Necessary or Not? GFCI Protection for Swimming Pool Motors

A question was raised at a recent meeting that I attended. It started a search through both current and older versions of the National Electrical Code (NEC). The initial question involved a single-speed, 240-volt (V), single phase, 1-horsepower (hp), permanently connected swimming pool pump motor installed for a residential swimming pool and whether ground-fault circuit interrupter (GFCI) protection was required for the motor. A subsequent question expanded the scope of this issue to include a multispeed swimming pool motor of the same size and age with the same GFCI coverage question.

The initial question involving the single-speed motor was fairly easy to answer based on the 2011 NEC. The multispeed motor question became somewhat more difficult to answer and required a comparison of 430.52 in the 1993 NEC and the 2011 NEC as well as the new requirements relating to pool pump motors in Article 680 in the 2011 NEC.

Section 680.20 in the 2011 NEC provides the general introduction to Part II for permanently installed pools, and 680.21 covers the installation requirements for electrical swimming pool motors. In addition, consider the requirements for motors in Article 430.

Wiring methods for pool pump motors are in 680.21(A); 680.21(B) provides the requirements for cord-and-plug connected double-insulated pool motors. A new 680.21(C) was added for swimming pool motors that states, “outlets supplying pool pump motors connected to single-phase, 120-volt through 240-volt branch circuits, rated 15- or 20-amperes [A], whether by receptacle or by direct connection, shall be provided with ground-fault circuit-interrupter protection (GFCI) for personnel.” Based on the new text, a swimming pool pump motor does not require GFCI protection for branch circuits rated more than 20A in any circuit rated from 120V up to 240V.

To determine the rating of the overcurrent protective device for the branch circuit for the single-speed, 240V, single-phase pool pump, the electrician would refer to 430.52(C)(1) and the two exceptions for that section. According to Table 430.248, for single-phase, alternating current motors, the full-load current for a 1-hp motor is 10A. Table 430.52 provides the maximum rating or setting of motor branch-circuit short circuit and ground-fault protective devices. Assuming the electrician uses an inverse-time circuit breaker for this pool pump, the percentage of full-load current for this motor application would be 10A times 250 percent, equaling a 25A circuit breaker.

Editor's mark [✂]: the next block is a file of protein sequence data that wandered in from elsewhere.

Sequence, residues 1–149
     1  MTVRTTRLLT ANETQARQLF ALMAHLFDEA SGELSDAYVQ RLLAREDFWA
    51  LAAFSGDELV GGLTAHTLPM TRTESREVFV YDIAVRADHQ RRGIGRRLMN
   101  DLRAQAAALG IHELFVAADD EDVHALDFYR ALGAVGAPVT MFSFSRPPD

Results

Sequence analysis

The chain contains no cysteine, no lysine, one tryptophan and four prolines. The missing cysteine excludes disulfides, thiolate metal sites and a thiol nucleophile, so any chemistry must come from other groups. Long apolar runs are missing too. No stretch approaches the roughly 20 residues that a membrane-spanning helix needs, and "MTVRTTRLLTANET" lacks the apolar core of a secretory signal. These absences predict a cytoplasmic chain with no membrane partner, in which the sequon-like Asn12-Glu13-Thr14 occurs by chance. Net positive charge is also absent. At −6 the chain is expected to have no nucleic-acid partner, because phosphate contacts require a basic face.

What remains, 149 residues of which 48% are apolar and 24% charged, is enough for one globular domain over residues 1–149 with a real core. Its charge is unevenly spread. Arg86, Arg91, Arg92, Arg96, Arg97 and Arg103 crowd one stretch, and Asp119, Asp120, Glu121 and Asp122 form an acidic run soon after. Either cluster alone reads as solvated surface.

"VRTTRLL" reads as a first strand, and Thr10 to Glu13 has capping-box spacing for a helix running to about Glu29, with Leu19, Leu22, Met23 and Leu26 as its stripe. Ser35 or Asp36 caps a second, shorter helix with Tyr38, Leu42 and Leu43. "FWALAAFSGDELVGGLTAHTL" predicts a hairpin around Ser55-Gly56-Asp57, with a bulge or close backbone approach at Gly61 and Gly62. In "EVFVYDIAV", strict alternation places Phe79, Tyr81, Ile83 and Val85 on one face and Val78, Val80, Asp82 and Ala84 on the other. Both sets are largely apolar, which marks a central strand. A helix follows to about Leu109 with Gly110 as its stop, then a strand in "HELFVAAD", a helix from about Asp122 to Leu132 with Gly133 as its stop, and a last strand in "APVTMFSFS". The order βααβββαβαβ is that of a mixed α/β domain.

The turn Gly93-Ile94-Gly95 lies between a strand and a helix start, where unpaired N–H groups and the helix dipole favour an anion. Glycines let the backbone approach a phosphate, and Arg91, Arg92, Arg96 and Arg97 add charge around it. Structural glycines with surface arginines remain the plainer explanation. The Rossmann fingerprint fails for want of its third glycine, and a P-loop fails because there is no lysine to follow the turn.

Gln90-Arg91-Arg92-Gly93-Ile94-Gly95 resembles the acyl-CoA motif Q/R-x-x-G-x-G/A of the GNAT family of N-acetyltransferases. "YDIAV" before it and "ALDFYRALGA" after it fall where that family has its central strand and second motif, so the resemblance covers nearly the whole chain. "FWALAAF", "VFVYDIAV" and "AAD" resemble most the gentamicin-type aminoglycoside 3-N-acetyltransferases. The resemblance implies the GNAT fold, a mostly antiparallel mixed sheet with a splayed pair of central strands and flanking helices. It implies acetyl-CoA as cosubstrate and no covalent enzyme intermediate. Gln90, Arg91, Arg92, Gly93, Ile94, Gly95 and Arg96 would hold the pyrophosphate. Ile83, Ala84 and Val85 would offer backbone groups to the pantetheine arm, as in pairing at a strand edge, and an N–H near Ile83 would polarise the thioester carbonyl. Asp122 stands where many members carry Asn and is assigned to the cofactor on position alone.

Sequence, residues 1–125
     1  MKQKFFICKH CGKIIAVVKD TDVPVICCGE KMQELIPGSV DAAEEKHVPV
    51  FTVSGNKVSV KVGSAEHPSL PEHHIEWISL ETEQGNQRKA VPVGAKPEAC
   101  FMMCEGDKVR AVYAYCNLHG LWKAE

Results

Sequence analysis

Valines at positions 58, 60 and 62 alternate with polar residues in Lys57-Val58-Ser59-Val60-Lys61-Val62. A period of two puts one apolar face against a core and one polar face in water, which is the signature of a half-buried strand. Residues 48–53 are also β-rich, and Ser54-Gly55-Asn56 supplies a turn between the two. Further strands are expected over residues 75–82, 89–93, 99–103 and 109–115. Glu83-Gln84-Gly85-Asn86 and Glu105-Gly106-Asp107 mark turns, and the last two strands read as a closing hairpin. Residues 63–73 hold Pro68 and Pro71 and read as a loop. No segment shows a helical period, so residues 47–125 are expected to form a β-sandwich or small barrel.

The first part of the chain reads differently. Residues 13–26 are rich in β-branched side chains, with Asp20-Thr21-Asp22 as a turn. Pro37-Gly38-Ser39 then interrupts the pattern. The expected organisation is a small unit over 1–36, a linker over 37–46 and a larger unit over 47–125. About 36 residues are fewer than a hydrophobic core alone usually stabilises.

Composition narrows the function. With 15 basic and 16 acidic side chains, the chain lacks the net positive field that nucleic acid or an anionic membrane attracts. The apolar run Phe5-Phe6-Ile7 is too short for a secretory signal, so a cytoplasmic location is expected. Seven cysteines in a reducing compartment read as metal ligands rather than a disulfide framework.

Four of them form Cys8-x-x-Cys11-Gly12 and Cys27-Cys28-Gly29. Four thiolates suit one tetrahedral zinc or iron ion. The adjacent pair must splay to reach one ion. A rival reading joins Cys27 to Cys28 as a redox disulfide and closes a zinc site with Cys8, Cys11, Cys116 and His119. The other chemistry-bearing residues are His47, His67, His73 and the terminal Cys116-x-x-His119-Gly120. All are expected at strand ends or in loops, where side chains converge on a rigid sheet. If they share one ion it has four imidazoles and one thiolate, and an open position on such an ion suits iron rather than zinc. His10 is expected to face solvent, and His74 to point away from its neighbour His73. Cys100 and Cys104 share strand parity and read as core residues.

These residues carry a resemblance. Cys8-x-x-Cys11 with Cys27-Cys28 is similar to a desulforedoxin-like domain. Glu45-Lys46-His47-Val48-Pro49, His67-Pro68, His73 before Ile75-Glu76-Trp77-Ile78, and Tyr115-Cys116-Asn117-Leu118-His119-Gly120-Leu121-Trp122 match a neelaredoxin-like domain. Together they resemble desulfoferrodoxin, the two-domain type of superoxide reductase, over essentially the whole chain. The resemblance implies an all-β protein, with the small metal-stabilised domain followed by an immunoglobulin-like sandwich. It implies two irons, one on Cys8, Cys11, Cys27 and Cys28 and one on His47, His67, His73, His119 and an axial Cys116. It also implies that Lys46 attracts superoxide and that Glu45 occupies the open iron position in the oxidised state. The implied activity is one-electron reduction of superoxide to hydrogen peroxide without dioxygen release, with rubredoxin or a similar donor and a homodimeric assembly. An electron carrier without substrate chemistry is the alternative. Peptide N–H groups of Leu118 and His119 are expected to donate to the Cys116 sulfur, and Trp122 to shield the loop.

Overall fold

If this calculation had not conformed to a standard circuit breaker size or if the calculated circuit size did not allow the motor to start and run, there are two exceptions that immediately follow 430.52(C) that permit the circuit breaker to be raised to the next higher standard size (Exception No. 1) or to an even larger size (Exception No. 2). Since the circuit breaker is rated more than the 20A maximum required for GFCI protection required by 680.21(C), GFCI protection would not be required for this motor installation.

Now let’s examine the multispeed 240V rated pool pump motor. The text in 430.52 in the 1993 NEC and previous editions, dealing with multispeed motors, was located in 430.52(a). I have noted already that the exceptions, which permit the next higher standard overcurrent device [Exception No. 1 of 430.52(a)] or even larger values where the motor will not start (Exception No. 2), applied to multispeed motors. The exact same text was used for the 1993 and previous editions of the NEC as follows: “For a multispeed motor, a single short-circuit and ground-fault protective device shall be permitted for two or more windings of the motor, provided the rating of the protective device does not exceed the above applicable percentage of the nameplate rating of the smallest winding protected.” As can be seen in this 1993 text, the phrase “does not exceed the above applicable percentage of the nameplate rating” directed the electrician to go up to the two exceptions I have already discussed in detail. However, the 1996 edition of the NEC divided 430.52 into multiple subsections, eventually assigning each subsection a title. The text within 430.52(C)(4) is the same as in the 1993 and previous editions of the NEC; however, now the “above applicable percentage” in (C)(4) does not provide a clear direction to Table 430.52 or the exceptions in 430.52(C)(1) in the 2011 NEC.

To finish the multispeed motor calculation, a single short-circuit and ground-fault device is permitted for two or more windings, provided the rating of the protective device does not exceed 250 percent of the smallest winding. In other words, a 25A circuit breaker with no requirement for GFCI protection is permitted but only if 430.52(C)(1) and the exceptions can be used where necessary.

Section 430.52(C)(4) requires some changes for the 2017 NEC for clarity and consistency.

About the Author

Mark C. Ode

Fire/Life Safety, Residential and Code Contributor

Mark C. Ode is a lead engineering associate for Energy & Power Technologies at Underwriters Laboratories Inc. and can be reached at 919.949.2576 and

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